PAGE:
A recent article in The Baltic Times inspired today’s post on minimum wages and the cost of living. According to the article, Europe’s Baltic states (Estonia, Latvia, and Lithuania) have some of the lowest minimum wage rates in the European Union. Latvia, in particular, has the third lowest rate (287.07 euros/month). The lowest rates are found in Romania (157.26 euros/month) and Bulgaria (158.5 euros). In contrast, tiny Luxembourg sets a standard of 1,874.19 euros/month. In U.S. dollars, the Luxembourg rate equals 2,510.29 U.S. a month (a nice sum of money). The Romanian standard is equal to 210.63 U.S. (a not as nice sum of money).
Naturally, I started thinking about cost of living between these countries and dug a little bit deeper and found a few surprises. I pulled data on cost of living (as of 2012) from numbeo.com, not familiar with this site but it offers a variety of indexes (rent, groceries, restaurant, purchasing power parity) in addition to an aggregated consumer price index. Each place or state is measured against New York City (set at 100%) so if Japan has a rent index of 105% then, on average, rents in Japan are 5% higher than in New York City. Minimum wage statistics (as of 2013) are from Eurostat, a part of the European Commission. Some results are shown in the table below:
The first interesting surprise is that not all European states have a country-wide standard for minimum wage. With Europe and its associated states, Norway, Switzerland, Denmark, Iceland, Sweden, Finland, Austria, Italy, Cyprus, Germany, Montenegro, and Macedonia don’t have standard minimum wages. Readers may be shocked to hear that the liberal Nordic states (Norway, Sweden, Denmark, Finland, Iceland) don’t have a national standard (I know I was). What makes it even more surprising is that the indices in these countries are high as well. Norway had the highest consumer price index in Europe (based on available 2012 data, which leaves out Luxembourg), 151.34%. Thus, consumer prices in Norway are over 50% higher than in New York City. Rent, while cheaper than New York City, is the second highest, 55.5%. The highest, Switzerland (also without a national standard), is 58.51%.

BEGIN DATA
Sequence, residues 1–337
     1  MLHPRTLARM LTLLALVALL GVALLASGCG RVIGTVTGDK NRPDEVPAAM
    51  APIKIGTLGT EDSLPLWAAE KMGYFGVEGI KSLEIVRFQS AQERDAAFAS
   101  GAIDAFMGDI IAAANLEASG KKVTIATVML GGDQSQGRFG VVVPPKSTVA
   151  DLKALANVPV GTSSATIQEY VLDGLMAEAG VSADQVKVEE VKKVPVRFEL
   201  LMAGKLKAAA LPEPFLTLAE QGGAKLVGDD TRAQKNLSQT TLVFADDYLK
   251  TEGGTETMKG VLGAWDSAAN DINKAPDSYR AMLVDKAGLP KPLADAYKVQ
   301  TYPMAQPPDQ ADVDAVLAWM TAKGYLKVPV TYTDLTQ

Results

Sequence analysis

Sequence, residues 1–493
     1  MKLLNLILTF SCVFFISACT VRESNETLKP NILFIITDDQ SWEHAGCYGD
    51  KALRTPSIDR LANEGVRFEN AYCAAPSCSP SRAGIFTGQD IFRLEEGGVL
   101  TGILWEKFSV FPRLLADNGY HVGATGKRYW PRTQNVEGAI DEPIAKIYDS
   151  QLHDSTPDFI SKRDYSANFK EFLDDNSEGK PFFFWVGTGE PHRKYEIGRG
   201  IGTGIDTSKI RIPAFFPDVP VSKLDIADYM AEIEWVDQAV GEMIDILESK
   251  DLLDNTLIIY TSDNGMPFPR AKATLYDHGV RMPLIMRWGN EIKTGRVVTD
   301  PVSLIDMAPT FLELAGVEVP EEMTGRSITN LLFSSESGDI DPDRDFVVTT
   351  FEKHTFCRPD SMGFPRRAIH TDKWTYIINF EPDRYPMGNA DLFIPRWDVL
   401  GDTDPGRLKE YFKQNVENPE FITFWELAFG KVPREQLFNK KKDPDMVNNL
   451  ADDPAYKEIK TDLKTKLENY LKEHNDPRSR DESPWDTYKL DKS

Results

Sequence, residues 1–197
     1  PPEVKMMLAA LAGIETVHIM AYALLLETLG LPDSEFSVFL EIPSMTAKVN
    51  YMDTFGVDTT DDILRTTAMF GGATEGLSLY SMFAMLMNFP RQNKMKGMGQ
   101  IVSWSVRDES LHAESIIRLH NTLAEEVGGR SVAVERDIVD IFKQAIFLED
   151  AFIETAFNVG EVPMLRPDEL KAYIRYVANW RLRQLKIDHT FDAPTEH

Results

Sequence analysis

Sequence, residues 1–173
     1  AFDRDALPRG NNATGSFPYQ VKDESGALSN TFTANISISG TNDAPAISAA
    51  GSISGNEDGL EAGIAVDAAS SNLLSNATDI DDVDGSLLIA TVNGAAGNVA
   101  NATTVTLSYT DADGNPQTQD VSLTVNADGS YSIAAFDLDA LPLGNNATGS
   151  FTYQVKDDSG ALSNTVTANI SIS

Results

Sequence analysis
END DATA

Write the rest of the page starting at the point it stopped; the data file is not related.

Some additional digging on Sweden revealed the likely reason that these states don’t have a set minimum wage – its established at local levels (hello devolution!). A Swedish news source noted in December 2012 that the setting of Sweden’s minimum wage has become “more decentralized,” while an academic paper from 2008 reveals that contractual wage increases and minimum wages are are collectively agreed to for a period of 2 to 3 years. Further, the news article points out that the ratio of average minimum wage to median income (or the hypothetical income of the worker in the middle of the lowest paid and highest paid worker) is the second highest in the Organization for Economic Cooperation and Development (essentially a rich states’ club that includes most of Western Europe, the United States, and Japan). Considering Germany’s federal structure, minimum wages are likely set at local levels there as well. Finally, I would assume that the rest of the Nordic states share a similar model to Sweden’s.
The other surprise is where countries fall in terms of balancing minimum wage with price indices. The outliers are interesting, France offers a minimum wage of over 1,400 euros/month with a combined consumer price and rent index of 75%. The United Kingdom, on the other hand, offers 200 euros/month less than France, despite a higher combined index of 77%. And then there’s the other end of the scale, Poland offers 376 euros as a minimum wage with a combined index of 38%. Bulgaria, noted above as having the second lowest minimum wage (159 euros), has a combined index of 37%. Romania, the lowest with 157 euros, has a combined index of 35%.
As for the Baltic states, Latvia’s 287 euros is balanced on a combined rent and consumer price index of 48% of New York City. By contrast, Croatia and Estonia offer 374 euros and 320 euros for similar combined indices. Lithuania’s 289 euros is not only higher than Latvia’s but its combined index is lower, 45%.